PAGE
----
Sound Mimesis in Various Cultures
Get Sound Mimesis in Various Cultures essential facts below. View Videos or join the Sound Mimesis in Various Cultures discussion. Add Sound Mimesis in Various Cultures to your topic list for future reference or share this resource on social media.
Sound Mimesis in Various Cultures

The imitation of natural sounds in various cultures is a diverse phenomenon and can fill in various functions. In several instances, it is related to the belief system (yoiks of the Sami,[1][2][3][4] some other shamanic songs and rituals,[5][6][7] overtone singing of some cultures). It may serve also such practical goals as luring in the hunt;[8] or entertainment (katajjaqs of Inuit).[8][9]

Among some peoples of the Altai-Sayan region, including Tofa, the ability to mimic sounds of the environment includes hunting calls, and is present also in a traditional singing tradition preserved only by some old people.[10]



Shamanism in various cultures shows great diversity.[11] In some cultures, the music or songs related to shamanistic practice may mimic natural sounds, sometimes with onomatopoeia.[12]


The intention to mimic natural sounds is not necessarily linked to shamanistic beliefs or practice alone. Katajjaq (a "genre" of music of some Inuit groups) is a game played by women, for entertainment. In some instances, natural sounds (mostly those of animals, e.g. geese) are imitated.[8][9]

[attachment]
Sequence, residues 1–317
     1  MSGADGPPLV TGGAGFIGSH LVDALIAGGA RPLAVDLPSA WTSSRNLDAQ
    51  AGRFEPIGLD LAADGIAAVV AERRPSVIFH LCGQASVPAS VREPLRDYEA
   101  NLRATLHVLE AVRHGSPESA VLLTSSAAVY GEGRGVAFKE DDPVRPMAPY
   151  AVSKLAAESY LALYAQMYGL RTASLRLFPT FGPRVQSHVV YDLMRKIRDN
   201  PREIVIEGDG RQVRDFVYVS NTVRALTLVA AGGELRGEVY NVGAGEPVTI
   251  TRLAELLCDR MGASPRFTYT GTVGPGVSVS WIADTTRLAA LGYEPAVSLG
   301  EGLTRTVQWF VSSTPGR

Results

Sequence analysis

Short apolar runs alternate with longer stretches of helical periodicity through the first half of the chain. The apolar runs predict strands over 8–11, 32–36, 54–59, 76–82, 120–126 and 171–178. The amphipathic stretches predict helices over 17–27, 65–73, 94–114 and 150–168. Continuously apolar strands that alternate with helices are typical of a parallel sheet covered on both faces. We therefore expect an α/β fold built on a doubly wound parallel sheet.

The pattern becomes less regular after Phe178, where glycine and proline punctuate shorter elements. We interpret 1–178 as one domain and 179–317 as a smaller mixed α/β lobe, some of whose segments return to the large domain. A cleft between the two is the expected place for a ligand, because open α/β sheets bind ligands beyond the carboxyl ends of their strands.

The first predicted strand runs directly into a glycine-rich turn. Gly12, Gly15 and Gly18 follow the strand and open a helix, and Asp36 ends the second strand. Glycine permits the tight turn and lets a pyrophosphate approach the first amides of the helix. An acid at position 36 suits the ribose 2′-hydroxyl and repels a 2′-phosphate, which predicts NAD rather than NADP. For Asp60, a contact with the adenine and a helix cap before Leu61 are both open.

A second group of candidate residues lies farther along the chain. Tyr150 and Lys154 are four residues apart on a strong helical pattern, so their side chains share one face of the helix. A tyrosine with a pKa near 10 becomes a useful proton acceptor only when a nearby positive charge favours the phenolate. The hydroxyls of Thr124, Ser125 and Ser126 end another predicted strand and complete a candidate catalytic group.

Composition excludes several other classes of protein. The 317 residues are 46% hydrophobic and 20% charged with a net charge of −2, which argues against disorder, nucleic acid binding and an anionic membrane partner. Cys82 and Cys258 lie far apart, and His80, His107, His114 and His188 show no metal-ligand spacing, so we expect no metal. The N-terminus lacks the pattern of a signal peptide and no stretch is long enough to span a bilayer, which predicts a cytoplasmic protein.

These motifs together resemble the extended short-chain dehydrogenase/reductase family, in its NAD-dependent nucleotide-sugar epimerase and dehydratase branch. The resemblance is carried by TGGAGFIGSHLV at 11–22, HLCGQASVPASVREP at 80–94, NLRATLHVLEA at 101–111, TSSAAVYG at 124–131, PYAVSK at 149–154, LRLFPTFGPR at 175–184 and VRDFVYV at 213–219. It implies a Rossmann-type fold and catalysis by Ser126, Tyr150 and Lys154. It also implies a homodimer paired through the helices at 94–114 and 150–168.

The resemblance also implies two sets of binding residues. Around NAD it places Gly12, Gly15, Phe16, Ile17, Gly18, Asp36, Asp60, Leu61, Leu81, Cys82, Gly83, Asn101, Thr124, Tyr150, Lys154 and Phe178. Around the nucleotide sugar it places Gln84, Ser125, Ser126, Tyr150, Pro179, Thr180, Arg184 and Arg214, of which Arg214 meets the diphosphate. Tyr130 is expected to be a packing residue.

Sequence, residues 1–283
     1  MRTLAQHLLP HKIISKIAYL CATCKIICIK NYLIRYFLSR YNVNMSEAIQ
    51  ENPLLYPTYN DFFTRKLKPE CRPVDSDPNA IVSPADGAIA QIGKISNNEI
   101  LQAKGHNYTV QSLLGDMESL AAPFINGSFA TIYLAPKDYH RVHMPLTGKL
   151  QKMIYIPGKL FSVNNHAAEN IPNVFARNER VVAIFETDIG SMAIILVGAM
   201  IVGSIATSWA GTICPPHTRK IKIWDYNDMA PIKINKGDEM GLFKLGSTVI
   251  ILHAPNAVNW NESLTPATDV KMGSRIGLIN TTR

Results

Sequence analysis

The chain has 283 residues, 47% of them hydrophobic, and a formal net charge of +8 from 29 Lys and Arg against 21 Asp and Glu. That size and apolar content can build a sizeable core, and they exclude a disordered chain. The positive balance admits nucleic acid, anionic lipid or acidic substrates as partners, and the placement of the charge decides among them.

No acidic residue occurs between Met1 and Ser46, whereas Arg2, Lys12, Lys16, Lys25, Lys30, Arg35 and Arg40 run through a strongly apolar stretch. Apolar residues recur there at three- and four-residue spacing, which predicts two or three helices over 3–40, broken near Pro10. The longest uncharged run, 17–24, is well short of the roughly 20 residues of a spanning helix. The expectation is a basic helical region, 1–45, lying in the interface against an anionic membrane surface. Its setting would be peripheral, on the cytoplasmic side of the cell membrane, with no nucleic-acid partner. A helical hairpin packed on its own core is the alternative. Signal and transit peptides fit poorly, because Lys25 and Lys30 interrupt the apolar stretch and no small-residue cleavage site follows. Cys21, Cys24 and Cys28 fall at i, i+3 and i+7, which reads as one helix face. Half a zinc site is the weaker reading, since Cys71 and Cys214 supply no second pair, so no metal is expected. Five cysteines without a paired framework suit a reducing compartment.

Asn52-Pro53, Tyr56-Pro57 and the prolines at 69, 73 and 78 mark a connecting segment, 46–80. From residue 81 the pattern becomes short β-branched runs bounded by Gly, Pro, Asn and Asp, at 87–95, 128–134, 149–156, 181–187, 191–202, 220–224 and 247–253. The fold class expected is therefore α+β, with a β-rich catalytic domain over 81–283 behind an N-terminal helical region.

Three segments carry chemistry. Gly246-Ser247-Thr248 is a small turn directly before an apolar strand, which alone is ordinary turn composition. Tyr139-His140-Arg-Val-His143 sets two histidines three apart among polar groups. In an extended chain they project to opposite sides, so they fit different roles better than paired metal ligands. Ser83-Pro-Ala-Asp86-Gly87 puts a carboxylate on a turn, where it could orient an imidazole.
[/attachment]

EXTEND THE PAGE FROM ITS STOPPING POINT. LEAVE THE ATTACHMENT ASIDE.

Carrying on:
Luring animals

The kind of katajjaq mentioned above, which mimics the cry of geese, shows some similarities with the practice of the hunters to lure game.[8]

Some Inuit peoples used a tool (shaped like a claw) to scratch the ice of the frozen sea in order to attract seals.[13][14]

See also


  1. ^ Szomjas-Schiffert 1996: 56, 76
  2. ^ Szomjas-Schiffert 1996: 64
  3. ^ Somby 1995 Archived 2008-03-25 at
  4. ^ Szomjas-Schiffert 1996: 74
  5. ^ Diószegi 1960: 203
  6. ^ Hoppál 2005: 92
  7. ^ Lintrop
  8. ^ a b c d Nattiez: 5
  9. ^ a b Deschênes 2002
  10. ^ "Song ond sound mimesis". Foundation for Endangered Languages.
  11. ^ Hoppál 2005: 15
  12. ^ Hoppál 2006: 143 Archived 2015-04-02 at the Wayback Machine
  13. ^ Burch & Forman 1988: 56-57
  14. ^ Birket-Smith 1969: 127


External links

  This article uses material from the Wikipedia page available here. It is released under the Creative Commons Attribution-Share-Alike License 3.0.



Music Scenes